Last month Econsultancy surveyed 1,000 consumers in the UK and 1,000 in the US to investigate attitudes to multichannel shopping and service.
The Multichannel Retail Survey, which accompanies our How the Internet can Save the High Street report, was a repeat of a study we ran last year and underlines the fact that attitudes to shopping are changing.
We have already blogged some of the results, which found that 32% of UK consumers have made a purchase using their mobile, and you can read results from the 2011 survey here.
Here is a summary of some of the other findings from the 2012 survey, which was compiled using TolunaQuick...
The convergence of PR and SEO has been a hotly debated topic on the Econsultancy blog in recent months.
It began with a guest blog urging PRs to get a grip on SEO, followed by a post warning that SEOs will slaughter careless PR agencies.
Both articles stirred a great reaction in the comments section, with the general consensus being that SEO and PR need to work together to help achieve common goals.
Text 100’s digital and social lead Lance Concannon also addressed the topic at a PRCA event discussing the future of search and SEO.
Concannon stated that PRs should find out who owns SEO within their client’s business and build a relationship with them so they can better coordinate their efforts.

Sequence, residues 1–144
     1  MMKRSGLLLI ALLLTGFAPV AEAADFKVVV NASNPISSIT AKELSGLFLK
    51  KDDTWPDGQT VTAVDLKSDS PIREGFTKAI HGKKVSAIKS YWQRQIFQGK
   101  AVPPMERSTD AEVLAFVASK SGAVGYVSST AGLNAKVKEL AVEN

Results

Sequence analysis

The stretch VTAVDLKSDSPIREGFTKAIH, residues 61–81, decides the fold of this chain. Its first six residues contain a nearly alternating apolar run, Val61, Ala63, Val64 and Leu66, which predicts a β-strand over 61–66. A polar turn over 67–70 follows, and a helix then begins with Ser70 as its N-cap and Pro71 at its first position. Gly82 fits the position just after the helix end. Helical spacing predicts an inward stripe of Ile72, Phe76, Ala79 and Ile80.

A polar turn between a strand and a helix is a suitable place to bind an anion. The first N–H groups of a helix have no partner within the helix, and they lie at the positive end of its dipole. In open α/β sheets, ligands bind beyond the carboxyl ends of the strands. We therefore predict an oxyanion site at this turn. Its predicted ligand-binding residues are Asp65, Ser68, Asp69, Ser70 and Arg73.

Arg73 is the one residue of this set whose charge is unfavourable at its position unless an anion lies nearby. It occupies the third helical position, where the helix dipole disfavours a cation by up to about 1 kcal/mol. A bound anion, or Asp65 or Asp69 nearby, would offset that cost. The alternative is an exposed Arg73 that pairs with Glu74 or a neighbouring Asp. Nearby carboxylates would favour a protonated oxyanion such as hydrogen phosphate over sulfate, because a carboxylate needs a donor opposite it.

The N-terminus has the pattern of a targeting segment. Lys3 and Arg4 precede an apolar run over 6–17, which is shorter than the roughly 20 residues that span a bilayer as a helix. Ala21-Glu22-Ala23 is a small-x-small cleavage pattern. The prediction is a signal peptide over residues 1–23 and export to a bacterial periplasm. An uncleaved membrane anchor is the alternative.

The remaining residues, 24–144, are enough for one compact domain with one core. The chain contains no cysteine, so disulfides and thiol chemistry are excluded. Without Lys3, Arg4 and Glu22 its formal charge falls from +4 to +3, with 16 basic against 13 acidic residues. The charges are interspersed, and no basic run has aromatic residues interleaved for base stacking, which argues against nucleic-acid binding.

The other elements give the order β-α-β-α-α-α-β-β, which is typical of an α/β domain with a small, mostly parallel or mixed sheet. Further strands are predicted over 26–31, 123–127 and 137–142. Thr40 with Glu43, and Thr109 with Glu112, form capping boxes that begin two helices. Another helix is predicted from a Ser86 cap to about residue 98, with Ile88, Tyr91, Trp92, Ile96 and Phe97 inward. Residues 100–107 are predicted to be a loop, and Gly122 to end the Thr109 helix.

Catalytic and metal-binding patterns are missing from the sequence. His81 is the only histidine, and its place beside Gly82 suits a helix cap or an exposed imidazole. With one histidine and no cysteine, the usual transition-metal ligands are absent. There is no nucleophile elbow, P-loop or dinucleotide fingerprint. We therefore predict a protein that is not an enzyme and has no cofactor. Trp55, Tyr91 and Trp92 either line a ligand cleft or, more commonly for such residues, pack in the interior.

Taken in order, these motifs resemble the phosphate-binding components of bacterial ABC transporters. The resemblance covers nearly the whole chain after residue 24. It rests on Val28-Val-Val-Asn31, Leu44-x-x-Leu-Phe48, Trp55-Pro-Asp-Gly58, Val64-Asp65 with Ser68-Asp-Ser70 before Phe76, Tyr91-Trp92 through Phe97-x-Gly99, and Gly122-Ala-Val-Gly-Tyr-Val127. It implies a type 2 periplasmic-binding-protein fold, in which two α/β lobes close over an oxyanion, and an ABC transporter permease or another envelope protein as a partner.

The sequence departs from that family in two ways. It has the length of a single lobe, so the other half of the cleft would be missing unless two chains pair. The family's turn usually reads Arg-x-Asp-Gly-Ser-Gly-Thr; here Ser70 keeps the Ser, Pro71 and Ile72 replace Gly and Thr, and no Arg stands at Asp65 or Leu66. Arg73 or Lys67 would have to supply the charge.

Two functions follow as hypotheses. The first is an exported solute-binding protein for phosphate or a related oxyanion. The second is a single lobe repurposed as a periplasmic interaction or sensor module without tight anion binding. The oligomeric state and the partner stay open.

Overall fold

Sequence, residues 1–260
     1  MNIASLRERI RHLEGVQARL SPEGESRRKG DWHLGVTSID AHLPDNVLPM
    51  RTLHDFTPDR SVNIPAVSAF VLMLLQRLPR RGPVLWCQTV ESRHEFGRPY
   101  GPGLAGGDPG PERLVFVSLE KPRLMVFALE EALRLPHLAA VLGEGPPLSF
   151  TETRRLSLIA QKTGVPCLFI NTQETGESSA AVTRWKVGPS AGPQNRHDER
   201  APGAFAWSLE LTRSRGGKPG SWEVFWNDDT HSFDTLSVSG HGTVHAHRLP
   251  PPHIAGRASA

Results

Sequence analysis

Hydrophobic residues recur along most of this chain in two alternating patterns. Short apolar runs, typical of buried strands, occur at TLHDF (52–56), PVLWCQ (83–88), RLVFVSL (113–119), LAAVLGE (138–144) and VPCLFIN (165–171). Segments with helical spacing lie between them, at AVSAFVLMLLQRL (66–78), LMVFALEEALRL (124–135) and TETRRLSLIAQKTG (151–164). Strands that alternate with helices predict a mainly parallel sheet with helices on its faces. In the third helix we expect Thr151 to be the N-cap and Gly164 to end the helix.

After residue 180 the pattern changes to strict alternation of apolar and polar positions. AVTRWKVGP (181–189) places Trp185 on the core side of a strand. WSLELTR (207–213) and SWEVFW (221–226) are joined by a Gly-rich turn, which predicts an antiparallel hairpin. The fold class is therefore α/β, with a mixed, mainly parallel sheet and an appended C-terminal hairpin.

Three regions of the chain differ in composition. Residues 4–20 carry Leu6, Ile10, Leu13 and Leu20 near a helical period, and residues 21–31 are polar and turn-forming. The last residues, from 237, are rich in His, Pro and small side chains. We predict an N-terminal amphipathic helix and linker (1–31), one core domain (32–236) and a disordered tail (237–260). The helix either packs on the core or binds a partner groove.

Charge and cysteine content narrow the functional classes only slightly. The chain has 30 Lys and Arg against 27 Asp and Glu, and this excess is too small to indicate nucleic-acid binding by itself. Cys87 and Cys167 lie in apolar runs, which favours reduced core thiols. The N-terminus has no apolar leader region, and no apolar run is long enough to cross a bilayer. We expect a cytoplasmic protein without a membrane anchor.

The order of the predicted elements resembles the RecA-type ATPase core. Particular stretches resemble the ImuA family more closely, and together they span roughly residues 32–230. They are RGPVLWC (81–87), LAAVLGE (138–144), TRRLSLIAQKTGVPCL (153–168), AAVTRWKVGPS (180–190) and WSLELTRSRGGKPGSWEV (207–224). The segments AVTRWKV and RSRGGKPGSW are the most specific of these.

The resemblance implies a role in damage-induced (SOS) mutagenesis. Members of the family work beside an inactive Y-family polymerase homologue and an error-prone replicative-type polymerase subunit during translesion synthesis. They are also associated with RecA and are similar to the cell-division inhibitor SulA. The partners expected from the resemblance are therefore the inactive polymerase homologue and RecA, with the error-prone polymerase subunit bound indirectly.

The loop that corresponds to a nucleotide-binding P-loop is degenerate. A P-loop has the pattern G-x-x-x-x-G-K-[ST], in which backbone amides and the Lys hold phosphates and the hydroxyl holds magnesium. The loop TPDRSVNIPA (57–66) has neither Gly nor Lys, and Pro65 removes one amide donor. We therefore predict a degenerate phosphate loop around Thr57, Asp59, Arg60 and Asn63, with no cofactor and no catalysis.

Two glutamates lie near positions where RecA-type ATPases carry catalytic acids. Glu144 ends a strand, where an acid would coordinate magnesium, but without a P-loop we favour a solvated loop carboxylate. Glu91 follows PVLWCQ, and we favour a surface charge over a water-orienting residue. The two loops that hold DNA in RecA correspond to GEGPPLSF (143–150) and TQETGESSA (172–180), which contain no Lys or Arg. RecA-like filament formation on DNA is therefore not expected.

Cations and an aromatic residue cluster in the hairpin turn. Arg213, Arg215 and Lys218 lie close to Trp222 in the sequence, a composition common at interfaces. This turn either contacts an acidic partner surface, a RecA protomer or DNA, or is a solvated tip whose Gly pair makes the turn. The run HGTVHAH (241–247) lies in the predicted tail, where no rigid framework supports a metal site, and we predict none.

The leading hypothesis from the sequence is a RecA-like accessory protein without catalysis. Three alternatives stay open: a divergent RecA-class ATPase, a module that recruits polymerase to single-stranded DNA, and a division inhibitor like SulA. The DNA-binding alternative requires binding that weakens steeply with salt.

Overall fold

There's no denying it, we are living in a multichannel retail world where consumers expect to be able to purchase from retailers using a number of different online and offline methods.
Our new Multichannel Retail Survey, which accompanies our How the Internet can Save the High Street report, shows that 87% and 85% of respondents in the UK and US respectively sometimes or always see the ability to purchase from a retailer from different channels as important.
Mobile is a significant part of an effective multichannel strategy as it gives retailers the ability to join up their offline and online strategies. It is by no means a perfect solution yet, but most major retailers have begun to experiment with mobile as part of their in-store shopping experience.
As part of our new report - which surveyed 1,000 consumers in the UK and 1,000 consumers in the US using TolunaQuick - we asked respondents several questions about their use of mobile while shopping.
Welcome emails can achieve open rates of above 50%, so it’s vital that brands make the most of this valuable opportunity.
A good welcome email needs to set out what the consumer can expect from a brand’s messages and attempt to drive higher engagement by allowing the user to dictate the type and frequency of future emails.
It is also a great opportunity to try and capture more data about the consumer and nudge them towards a purchase.
A new UK Retail Email Benchmark Study from emailvision analysed the welcome emails from the UK’s top 100 e-tailers against key best practice criteria.
Price comparison sites are proving to be better at engaging customers via social media than high street banks, with CompareTheMarket.com achieving the highest engagement scores thanks to its meerkat character.